Stop Giving Orders and Let Recruiters Act as Consultants

The Andersen Alumni Association recently published partner, J. James O’Malley’s article, “How Consultants can Improve Talent Acquisition: Stop Giving Orders and Let Recruiters Act as Consultants.” Read the full article below.

Over the past 25 years, in both corporate HR/talent acquisition as well as in consulting roles, I have mentored and coached recruiters to avoid being order takers. Granted, the order taker mentality is frequently rooted in some recruiter’s own view of talent acquisition as a linear process where they receive a request to fill an open position, do a lot of activity to source people and eventually all the activity leads to a hire. But recruiting is so much more than that – it’s really a full circle of activities starting with strategic workforce planning and ending with on-boarding and assimilation.

To be as effective as possible, especially in today’s highly competitive market for talent, recruiters need to be 100% immersed in your business and act as true business partners. Whether you manage a recruitment function or use one to fill gaps on your bench, you need to change your behavior to make this possible. You need to stop asking recruiters to “fill seats” by fulfilling orders. You also need to start treating recruiters as consultants to your organization.

In fact, in my opinion, the single most important skill or behavior a recruiter can exhibit is that of a consultant. However, how often do we talk about, evaluate, measure and manage recruiters against this trait? Virtually never…

Too often, requirements for recruiters strictly focus on the following:

  • Proven recruiting experience
  • Solid ability to conduct different types of interviews (structured, competency based, stress, etc.)
  • Hands-on experience with various selection processes (phone interviews, reference checks, etc.)
  • Ability to organize assessment centers (in tray activities, work samples, psychometric and IQ/EQ tests, etc.)
  • Familiarity with HR databases, applicant tracking systems and CRM’s
  • BS/MS in Human Resources Management

In contrast, consider the difference if the skills typically required of consultants were also applied to recruiters. Here’s how those skills might be best articulated:

  • Customer Service: The ability to work with many different types of customers in a friendly, relaxed way. Customers are primarily hiring managers, but candidates and colleagues also fit into this category
  • Communication: The capacity to explain – verbally and in writing – complex or new information to clients and candidates about the role and company, and to clearly present a multitude of options that must be understood and digested before making a decision
  • Willingness To Learn: Eagerness to pursue ongoing education and training to stay up to date on the latest industry trends not just within the recruitment realm but also within your company’s industry
  • Listening Skills: The ability to listen to your customers (clients and candidates) and discern the best course of action for them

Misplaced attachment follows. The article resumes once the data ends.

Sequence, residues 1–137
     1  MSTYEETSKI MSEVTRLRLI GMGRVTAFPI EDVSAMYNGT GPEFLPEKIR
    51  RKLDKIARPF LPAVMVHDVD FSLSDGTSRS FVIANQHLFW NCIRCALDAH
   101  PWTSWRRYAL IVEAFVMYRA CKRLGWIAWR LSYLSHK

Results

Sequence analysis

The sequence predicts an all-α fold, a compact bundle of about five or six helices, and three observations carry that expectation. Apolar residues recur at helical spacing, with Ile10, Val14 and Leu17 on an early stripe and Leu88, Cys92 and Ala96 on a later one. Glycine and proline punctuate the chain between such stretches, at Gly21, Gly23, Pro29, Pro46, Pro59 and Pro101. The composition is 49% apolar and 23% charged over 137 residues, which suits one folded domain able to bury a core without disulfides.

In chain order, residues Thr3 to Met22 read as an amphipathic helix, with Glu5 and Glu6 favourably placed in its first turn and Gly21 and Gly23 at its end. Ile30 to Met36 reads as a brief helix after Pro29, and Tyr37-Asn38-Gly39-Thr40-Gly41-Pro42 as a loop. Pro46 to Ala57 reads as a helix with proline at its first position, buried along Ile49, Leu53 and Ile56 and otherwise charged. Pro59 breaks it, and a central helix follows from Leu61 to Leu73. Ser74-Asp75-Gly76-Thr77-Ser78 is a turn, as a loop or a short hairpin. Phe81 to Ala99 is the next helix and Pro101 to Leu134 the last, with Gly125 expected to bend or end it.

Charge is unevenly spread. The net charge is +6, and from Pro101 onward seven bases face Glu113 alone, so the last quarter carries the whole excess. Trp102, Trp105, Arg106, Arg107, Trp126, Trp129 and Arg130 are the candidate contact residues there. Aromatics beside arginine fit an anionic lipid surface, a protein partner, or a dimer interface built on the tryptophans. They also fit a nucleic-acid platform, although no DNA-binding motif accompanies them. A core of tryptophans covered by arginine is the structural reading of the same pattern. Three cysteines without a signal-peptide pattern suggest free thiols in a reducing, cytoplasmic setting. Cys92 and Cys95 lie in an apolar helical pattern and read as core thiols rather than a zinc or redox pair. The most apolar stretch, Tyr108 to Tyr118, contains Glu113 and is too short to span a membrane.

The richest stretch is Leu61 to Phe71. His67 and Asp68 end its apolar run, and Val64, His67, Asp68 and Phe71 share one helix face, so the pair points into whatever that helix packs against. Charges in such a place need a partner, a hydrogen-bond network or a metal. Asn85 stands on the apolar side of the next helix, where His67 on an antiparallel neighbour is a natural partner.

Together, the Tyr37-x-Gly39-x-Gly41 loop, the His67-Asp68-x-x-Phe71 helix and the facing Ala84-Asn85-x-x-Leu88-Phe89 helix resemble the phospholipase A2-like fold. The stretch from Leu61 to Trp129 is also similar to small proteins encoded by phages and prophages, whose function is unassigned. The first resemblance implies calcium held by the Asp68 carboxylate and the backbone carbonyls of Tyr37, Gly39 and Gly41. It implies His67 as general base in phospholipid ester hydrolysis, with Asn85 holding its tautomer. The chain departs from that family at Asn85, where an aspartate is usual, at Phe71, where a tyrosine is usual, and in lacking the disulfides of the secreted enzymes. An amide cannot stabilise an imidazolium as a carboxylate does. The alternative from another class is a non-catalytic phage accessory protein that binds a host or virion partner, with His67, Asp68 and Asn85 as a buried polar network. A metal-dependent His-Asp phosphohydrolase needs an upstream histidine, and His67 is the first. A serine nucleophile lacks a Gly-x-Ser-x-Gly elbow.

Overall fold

• Problem Solving/Decision Making/Critical Thinking: An understanding that people are different and therefore a cookie cutter approach to recruiting doesn’t work. Problem solving skills and the good sense to make decisions based on weighted multiple options
  • Use of Tools and Technology: Knowledge of how to best leverage available tools and technology to be as efficient and effective as possible.

Let’s take this thinking a step further and consider what metrics we use to measure recruiters. Metrics common to recruiters include things such as time to fill, for example. But they are not job requirements, rather measurements. That is why I advocate Service Level Agreements (SLAs).

Within the hiring manager/recruiter relationship, the SLA serves as a contract between the service provider (whether an internal or external recruitment professional) and the hiring manager and defines the level of service expected from the recruiter and the actions the hiring manager must take to ensure success. The best SLAs for this process are output-based, just as they are for your external clients, in that their purpose is specifically to define what the hiring manager will receive and he/she needs to do and/or provide.

Recruiting is not the job of a single individual recruiter. To work well, it must be a team effort, which is why firms claiming that a single department “owns” recruiting are missing the mark. Likewise, hiring managers who delegate and relinquish their role in recruiting also fail their organization. So the notion of a SLA between the recruiter and hiring manager is very important to ensure each is doing their role and no one is abdicating their responsibilities.

Changing the mindset of recruiters, from that of order takers to consultants while setting up performance expectations based on an agreed upon set of SLAs are two ways that organizations can redefine recruitment so that your firm is positioned to win the best talent possible.

J. James O’Malley

About the Author

Jim has spent 25 years on both ends of the table, developing HR and talent solutions to align leadership, talent, and business needs.

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